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Google Pixel 8a hands-on: 3 features make this my favorite $499 phone today

A morning spent with the newest Pixel revealed vital upgrades that make it the mid-range phone to beat.
Written by Kerry Wan, Senior Reviews Editor
Google Pixel 8a Aloe and Bay
Kerry Wan/ZDNET

While unassuming, the Pixel A series of smartphones has always been the most exciting lineup from Google to me. Something about the balancing act of creating a mid-range phone intrigues me, and the Pixel A series, since its inception, has set the benchmark for what value-for-the-money looks like.

With the new Pixel 8a, the story's no different. Google has once again shipped a phone that is ripe with flagship qualities while compromising in the most subtle ways, all for just $499, the same price as the Pixel 7a. Did Google fix all my qualms with last year's model? Almost. There are still some shortcomings that I'll mention below.

Also: When is Google I/O 2024 and what to expect: Android 15, Gemini, Wear OS, and more

After spending a morning testing and fidgeting with the newest Pixel, however, three standout features lead me to believe that the Pixel 8a will be the budget phone to beat in 2024.

1. A flagship-tier display

Google Pixel 8a Displays
Kerry Wan/ZDNET

A display can make or break your smartphone experience. The Pixel 8a delivers one of the best from Google I've seen. Besides having near-symmetrical bezels on all sides and a flat design that should make applying screen protectors a breeze, the 6.1-inch Actua display passed my initial eye test, delivering vibrant colors and more than enough resolution (1080 x 2400) for its size.

It's an OLED display, much like last year's Pixel 7a, but can now ramp up to a 120Hz refresh rate and reach a peak brightness of 2,000 nits. Both aspects should drastically improve your viewing experience and day-to-day phone interactions, especially when you're outdoors and in direct sunlight.

Also: Google just gave two compelling reasons to update your Pixel phone

Brightness was a big focus for Google's flagship Pixel 8 series last fall, so it's great to see the company carry its priorities downmarket. My one callout with the Pixel 8a display is that the 120Hz refresh rate can only be used adaptively, meaning you can't force the display to stay at 120Hz. Instead, the Pixel 8a will dial down to 60Hz when there are fewer animations on the screen (like when scrolling through a picture album) or the battery is low.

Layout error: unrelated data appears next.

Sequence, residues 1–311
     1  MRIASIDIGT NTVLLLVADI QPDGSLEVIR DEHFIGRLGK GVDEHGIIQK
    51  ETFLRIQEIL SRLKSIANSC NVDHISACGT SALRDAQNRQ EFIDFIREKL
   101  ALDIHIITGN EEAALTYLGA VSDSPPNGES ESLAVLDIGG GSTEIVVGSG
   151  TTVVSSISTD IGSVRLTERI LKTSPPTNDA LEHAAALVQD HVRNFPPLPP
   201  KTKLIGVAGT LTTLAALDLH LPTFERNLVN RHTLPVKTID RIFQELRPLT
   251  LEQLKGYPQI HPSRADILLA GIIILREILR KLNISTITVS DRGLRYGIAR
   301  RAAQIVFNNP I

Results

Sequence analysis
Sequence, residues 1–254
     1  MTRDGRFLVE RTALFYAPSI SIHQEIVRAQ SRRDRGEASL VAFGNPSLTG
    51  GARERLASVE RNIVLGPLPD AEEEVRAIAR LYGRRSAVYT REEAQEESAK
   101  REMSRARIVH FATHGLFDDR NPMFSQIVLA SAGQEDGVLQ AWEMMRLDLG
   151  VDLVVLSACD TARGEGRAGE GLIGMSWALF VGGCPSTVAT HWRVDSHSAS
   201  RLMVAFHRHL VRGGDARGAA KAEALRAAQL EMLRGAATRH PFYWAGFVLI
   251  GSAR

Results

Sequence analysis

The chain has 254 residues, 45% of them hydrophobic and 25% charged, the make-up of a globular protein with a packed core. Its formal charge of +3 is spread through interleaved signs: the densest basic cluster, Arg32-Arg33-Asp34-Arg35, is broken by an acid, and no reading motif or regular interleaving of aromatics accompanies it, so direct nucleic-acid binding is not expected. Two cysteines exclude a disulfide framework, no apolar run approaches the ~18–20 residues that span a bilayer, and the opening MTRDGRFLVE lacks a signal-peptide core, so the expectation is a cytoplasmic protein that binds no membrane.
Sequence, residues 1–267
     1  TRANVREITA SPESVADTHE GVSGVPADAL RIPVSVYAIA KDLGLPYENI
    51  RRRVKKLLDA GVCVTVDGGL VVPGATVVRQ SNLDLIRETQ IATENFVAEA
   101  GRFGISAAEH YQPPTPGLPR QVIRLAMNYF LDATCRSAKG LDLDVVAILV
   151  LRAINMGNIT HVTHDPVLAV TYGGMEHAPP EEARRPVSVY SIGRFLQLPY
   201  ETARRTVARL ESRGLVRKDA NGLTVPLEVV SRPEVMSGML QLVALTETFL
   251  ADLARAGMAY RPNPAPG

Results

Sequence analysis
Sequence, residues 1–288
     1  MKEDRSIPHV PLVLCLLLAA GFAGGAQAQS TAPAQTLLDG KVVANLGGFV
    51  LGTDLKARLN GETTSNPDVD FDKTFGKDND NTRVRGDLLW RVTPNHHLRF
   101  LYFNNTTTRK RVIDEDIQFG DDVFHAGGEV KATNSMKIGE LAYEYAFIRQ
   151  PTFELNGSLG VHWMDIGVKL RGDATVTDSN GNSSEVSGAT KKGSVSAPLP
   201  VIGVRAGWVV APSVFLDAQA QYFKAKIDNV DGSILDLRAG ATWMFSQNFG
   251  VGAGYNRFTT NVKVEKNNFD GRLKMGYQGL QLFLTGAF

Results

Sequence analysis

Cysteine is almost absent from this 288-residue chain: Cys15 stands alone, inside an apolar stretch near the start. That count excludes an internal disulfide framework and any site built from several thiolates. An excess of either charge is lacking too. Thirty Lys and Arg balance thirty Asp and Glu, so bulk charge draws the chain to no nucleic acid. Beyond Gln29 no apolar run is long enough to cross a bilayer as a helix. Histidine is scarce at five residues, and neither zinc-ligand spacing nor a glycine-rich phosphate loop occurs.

2. Seven years of OS updates

Google Pixel 8a Gemini
Kerry Wan/ZDNET

It's no surprise that the Pixel 8a will launch with several existing AI features like Circle to Search, Audio Eraser, and Gemini. Google credits the device's new Tensor G3 processor for enabling such on-device and cloud-based AI tools, and it should get just as much acknowledgment for supporting the company's ambitious seven-year-update policy.

Also: 5 Gemini features I hope Google announces at I/O 2024

First introduced with the Pixel 8 series, the Pixel 8a will also qualify for Google's long-term software commitment, meaning the $499 phone will receive the latest operating system upgrades, security patches, and Pixel Feature Drops from now until 2031. This is unprecedented, particularly in the sub-$500 phone market, and positions the Pixel 8a as the most stable and secure phone you can buy at this price point.

To further future-proof the Pixel 8a, Google now offers a 256GB variant, doubling the base storage for users who prefer more local space. The Pixel 8a's predecessors all have just one storage size; last year's Pixel 7a was limited to 128GB.

3. Small, colorful phones are hard to come by

Google Pixel 8a colors
Kerry Wan/ZDNET

When I first held the Pixel 8a, two thoughts came to mind: 1) The 6.1-inch size makes it very comfortable to hold when capturing photos and videos, and 2) The new "Aloe" color looks more like spearmint gum than the slime green that early renders had suggested. Was I disappointed for being misled? Absolutely, but then I picked up my own phone that's been in a plastic case since I first got it and realized why manufacturers are less adventurous with colors nowadays.

Also: 5 features I wish Google would copy from Apple's iOS (as an Android user)

On the bright side, Google opted for matte-textured back covers across all the Pixel 8a colors -- you won't find  fingerprints and oil stains on this year's devices. The phone is still rated for IP67 dust and water resistance, and the front cover is shielded by Corning's Gorilla Glass 3.

Bottom line (for now)

There's more to dig into with the Pixel 8a, but my first impressions are positive. The processor and display upgrades benefit the day-to-day experience, the seven years of OS updates should keep the phone relevant well into the next decade, and retaining last year's price point makes this still the best phone for under $500.

Achieving this price means that Google had to scale back on certain aspects, such as the less durable Corning Gorilla Glass 3, the slower peak 18W charging rate, and the dual-camera setup that's been recycled from last year's Pixel 7a. I'll see exactly how much this affects the overall experience when I review the phone for longer -- stay tuned.

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